Natives and Cultivars

Many choices for planting trees

There is a growing trend for using naturally occurring, “native,” trees and shrubs for landscape and conservation plantings. “Native” refers to plants that naturally occurred in this area prior to European settlement. In contrast, other commercially available plants can either be “cultivars,” cultivated plants that are reproduced using cuttings or buds that are grafted onto separate root stock; or “nonnative,” plants that were not part of the landscape prior to European settlement. Each of these has its benefits and drawbacks for the homeowner to consider.

Native plants have the advantage of having been present on the landscape for thousands of years. They have coexisted with the other native fauna and flora, and they are well-suited to the local soils, climate, and environmental conditions. Planting native species creates a natural, sustainable landscape which offers more beneficial food and cover for birds, butterflies, and other wildlife. The drawbacks of native plants include decreased resistance to the nonnative insects and diseases that are now part of the landscape. The dogwood borer that attacks flowering dogwood, emerald ash borer, and Dutch elm disease are a few examples. Native plants may also be less able to tolerate the harsh growing conditions found in many urban areas, and their flowering and fruiting characteristics that make them highly desirable may be compromised in these environments.

Cultivated plants, or cultivars, have been developed to perpetuate desirable characteristics of a particular plant, including a striking flowering display (pink dogwood), fruit production, disease resistance, tree conformation (e.g. weeping cherry,) or fall color. Cultivars offer predictability, so using them helps ensure desirable attributes. So, if the intention is to create a small apple orchard, one might be more successful using cultivars that have natural resistance to diseases such as apple scab, cedar apple rust, or fire blight; have smaller stout growth habits like a dwarf tree; and are noted for abundant apple production versus planting apples grown from a native seed source. Most cultivars do not reproduce, but an exception is the Bradford pear, a cultivar that has become an invasive menace in forested communities.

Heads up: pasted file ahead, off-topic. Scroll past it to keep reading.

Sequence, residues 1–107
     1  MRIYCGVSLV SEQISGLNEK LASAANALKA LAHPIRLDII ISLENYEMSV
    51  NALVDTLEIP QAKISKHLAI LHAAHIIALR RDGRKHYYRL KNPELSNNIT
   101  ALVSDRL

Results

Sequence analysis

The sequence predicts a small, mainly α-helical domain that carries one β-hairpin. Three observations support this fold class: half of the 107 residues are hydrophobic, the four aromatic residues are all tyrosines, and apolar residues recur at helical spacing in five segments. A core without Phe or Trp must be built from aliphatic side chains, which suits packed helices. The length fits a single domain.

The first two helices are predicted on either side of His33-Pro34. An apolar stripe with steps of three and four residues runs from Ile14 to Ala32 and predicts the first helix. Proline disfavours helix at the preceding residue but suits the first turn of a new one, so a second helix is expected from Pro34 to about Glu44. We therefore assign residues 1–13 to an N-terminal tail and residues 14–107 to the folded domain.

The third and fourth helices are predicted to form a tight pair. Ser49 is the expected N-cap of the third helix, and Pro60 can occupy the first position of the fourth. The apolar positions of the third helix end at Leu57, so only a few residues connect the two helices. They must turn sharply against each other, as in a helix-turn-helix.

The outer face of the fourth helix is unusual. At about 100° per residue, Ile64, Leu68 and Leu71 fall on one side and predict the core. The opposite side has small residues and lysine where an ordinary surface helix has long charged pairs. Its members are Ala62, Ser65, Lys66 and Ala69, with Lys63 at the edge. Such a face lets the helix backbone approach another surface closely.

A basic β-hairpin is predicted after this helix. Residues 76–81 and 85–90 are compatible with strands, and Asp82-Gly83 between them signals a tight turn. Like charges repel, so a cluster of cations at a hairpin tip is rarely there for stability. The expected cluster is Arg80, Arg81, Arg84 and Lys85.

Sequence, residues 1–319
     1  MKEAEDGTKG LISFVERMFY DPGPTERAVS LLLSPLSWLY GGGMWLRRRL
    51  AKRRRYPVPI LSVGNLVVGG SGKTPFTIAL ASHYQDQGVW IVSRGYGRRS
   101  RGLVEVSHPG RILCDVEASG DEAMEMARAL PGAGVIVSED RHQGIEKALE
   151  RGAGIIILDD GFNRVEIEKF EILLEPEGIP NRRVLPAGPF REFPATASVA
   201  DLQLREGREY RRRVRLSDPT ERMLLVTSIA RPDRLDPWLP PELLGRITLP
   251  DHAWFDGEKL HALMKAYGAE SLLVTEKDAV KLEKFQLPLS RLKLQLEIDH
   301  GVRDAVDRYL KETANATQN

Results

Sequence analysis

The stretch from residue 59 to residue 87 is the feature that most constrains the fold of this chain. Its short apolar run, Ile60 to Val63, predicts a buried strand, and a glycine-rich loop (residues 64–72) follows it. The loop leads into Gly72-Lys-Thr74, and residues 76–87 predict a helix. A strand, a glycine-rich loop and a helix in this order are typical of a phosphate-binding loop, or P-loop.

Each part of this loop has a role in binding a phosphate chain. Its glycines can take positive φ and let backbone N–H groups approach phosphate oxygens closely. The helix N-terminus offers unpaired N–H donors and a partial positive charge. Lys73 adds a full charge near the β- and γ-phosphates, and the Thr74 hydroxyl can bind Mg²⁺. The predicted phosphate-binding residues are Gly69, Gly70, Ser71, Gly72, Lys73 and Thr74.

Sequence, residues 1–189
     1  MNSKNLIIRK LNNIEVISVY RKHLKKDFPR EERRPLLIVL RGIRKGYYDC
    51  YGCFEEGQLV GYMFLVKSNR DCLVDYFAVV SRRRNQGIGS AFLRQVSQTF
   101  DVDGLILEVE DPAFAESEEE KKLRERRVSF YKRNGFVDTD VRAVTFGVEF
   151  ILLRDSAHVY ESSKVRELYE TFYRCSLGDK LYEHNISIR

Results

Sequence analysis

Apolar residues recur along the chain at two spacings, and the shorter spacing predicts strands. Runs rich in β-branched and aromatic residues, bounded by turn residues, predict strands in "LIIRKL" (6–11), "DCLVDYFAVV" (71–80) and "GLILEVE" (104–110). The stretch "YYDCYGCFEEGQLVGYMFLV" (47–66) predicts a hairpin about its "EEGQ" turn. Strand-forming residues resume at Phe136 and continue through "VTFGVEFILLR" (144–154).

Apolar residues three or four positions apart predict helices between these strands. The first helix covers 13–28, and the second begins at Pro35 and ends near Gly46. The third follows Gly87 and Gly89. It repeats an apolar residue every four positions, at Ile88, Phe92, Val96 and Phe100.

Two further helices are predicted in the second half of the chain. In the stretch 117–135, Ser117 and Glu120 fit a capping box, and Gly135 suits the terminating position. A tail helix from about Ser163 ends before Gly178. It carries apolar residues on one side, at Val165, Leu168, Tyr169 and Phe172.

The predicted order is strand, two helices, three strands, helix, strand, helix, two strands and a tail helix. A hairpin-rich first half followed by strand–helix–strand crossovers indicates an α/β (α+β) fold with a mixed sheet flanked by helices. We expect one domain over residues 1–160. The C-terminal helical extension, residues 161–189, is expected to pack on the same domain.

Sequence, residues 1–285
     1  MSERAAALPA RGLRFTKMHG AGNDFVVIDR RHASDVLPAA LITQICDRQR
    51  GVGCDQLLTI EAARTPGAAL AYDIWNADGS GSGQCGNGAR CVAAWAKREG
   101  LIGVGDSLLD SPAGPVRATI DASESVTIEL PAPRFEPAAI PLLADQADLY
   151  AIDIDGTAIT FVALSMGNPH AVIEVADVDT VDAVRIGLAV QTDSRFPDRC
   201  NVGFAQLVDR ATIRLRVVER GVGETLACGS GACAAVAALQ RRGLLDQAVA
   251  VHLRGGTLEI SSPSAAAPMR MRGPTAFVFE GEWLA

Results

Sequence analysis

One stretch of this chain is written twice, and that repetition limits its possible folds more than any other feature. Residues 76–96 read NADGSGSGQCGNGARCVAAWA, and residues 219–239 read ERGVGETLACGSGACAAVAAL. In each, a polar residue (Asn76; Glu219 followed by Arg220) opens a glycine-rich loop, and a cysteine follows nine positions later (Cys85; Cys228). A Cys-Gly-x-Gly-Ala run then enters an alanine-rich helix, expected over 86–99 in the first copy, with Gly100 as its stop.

Non native trees have been brought to this country ever since the arrival of the first colonists. Some of these plants have become very important parts of the landscape, such as little leaf linden or Kousa dogwood, while others have become very undesirable invasive pests, like the ailanthus tree or Norway maple. Non native trees can be useful when the native variety is not well adapted for the site. Examples of this might be using a Chinese chestnut to cultivate chestnuts instead of an American chestnut, or employing the Chinese elm instead of the Native American elm on a landscape where Dutch elm disease is a concern. In some cases, the use of cultivars or non native trees will simplify the maintenance requirements of a landscape, since these plants can have resistance to insects and diseases, or they have growth characteristics that would enable them to fit in their intended growth space without the need for corrective pruning.

If you are thinking of planting trees in an area, some good advice is to first analyze the site. How much growing space do you have? Is the site dry, wet, or in-between? Is the site sunny, or will the tree be growing in partial or full shade. What kind of soil do you have? Is it sandy and well-drained or clay and poorly drained? Is the soil loamy and well-aerated or has is it hard and compacted due to heavy foot traffic? Once you have determined these site conditions, then you can decide if a native tree will suit your needs. If not, then the use of a cultivar or nonnative tree might offer a better alternative.

Nature Note for 7/23/2017